Letter from Birmingham Jail
November 10, 2014
• Subject: Answering several criticisms from the clergymen, Dr. King himself addressed why he was in Birmingham and why racial segregation needed to be changed now. He explicitly pointed out that civil disobedience was necessary and timely. He implicitly blamed the Christian church members for not standing up for their fellow brothers and justice; he also displayed disappointment at the leadership of the clergy.
• Occasion: The United States was still struggling with racial segregation in the 1950s and 1960s after so many years of oppression. Economic communities were giving colored people a hard time, and putting on humiliating racial signs. Aiming at several issues, in 1963, Dr. king’s organization, the Southern Christian Leadership Conference (SCLC) was invited to Birmingham to aid one of its affiliates in protesting intense segregationist policies. Though practicing nonviolent resistance, Dr. King was jailed in Birmingham for parading without a permit and willing to accept the penalty. Eight clergymen wrote a public statement in the Post-Herald criticizing the demonstrations, saying they are unwise and untimely. They also suggested that the demonstrators should take a mild approach and negotiate rather than to “incite to hatred and violence”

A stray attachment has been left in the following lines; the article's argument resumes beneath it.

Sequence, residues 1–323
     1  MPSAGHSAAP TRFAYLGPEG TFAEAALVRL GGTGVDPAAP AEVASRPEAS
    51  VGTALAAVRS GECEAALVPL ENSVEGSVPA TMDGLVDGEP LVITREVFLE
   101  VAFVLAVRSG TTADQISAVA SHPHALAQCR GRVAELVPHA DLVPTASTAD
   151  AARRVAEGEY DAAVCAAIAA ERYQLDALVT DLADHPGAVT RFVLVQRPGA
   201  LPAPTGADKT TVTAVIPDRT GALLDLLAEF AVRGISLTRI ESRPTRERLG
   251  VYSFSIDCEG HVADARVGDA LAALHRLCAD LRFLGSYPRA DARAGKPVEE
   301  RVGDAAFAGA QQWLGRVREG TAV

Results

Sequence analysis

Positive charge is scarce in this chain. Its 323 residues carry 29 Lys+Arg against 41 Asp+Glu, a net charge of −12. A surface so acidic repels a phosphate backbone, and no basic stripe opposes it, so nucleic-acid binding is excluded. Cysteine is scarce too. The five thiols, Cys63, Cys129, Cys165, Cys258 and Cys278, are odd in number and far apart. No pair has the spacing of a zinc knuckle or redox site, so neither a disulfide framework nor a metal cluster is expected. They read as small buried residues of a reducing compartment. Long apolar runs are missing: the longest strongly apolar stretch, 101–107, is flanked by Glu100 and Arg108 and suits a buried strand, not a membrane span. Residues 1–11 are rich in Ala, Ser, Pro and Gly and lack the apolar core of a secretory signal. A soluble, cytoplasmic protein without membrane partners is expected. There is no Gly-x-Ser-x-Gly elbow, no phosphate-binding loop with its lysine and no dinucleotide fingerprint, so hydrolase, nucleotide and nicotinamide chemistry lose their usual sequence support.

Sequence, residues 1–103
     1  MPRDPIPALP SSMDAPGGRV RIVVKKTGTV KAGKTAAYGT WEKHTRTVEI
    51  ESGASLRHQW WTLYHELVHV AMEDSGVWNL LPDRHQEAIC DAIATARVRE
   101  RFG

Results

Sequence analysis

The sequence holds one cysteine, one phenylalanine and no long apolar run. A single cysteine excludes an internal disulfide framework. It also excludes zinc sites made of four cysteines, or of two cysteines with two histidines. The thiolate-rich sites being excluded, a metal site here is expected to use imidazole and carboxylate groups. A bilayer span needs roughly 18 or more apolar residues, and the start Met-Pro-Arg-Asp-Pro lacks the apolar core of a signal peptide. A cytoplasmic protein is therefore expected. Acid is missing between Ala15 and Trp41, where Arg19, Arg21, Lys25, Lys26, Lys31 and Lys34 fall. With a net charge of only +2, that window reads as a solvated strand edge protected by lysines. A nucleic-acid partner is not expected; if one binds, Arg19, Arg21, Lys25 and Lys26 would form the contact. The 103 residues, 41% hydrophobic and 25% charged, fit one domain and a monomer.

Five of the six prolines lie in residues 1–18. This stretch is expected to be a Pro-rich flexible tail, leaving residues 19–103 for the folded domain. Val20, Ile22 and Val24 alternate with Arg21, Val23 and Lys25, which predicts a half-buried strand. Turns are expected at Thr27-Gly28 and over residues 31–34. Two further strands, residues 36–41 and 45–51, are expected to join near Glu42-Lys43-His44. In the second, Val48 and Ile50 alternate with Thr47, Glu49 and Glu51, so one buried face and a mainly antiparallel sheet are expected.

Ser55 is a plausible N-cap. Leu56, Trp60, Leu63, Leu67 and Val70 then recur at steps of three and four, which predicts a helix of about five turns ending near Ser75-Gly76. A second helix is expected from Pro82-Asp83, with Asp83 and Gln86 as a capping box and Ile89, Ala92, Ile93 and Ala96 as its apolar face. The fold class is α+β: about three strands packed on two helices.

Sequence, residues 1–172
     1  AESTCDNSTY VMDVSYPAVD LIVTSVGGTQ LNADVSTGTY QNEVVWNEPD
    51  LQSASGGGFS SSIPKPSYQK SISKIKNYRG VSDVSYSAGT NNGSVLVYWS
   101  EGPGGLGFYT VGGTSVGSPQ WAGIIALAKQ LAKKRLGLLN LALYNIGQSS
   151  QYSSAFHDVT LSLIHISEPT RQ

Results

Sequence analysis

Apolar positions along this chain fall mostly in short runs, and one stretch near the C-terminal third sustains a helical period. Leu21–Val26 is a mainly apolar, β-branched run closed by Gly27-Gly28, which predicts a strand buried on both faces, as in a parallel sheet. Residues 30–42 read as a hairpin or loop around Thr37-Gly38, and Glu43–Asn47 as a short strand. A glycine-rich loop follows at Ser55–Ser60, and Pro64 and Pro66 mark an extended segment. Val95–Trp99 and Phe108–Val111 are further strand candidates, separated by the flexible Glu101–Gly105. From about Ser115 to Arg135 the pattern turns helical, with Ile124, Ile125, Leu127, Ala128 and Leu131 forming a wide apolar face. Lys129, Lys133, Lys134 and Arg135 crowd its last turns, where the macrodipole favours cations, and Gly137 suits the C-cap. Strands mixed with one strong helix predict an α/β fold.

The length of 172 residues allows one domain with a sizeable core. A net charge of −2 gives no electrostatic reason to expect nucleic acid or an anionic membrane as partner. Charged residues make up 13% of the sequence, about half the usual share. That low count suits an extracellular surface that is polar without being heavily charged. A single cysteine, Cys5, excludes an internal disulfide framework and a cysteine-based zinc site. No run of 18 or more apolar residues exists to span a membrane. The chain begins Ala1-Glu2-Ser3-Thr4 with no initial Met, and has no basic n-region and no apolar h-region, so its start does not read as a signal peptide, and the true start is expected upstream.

• Audience: Though this letter was meant to directly addressing to the eight white clergymen who publicly asked the black community to restrict their Birmingham demonstrations because they were “unwise and untimely”, Dr. King was aware that this message was going to spread to a much larger audience, therefore he also used his letter to address some universal questions of freedom and inequality. He spoke to the church as “I hope the church as a whole will meet the challenge of this decisive hour.” and “I have been so greatly disappointed with the white church and its leadership.” More widely Martian Luther King was addressing the world and imploring...
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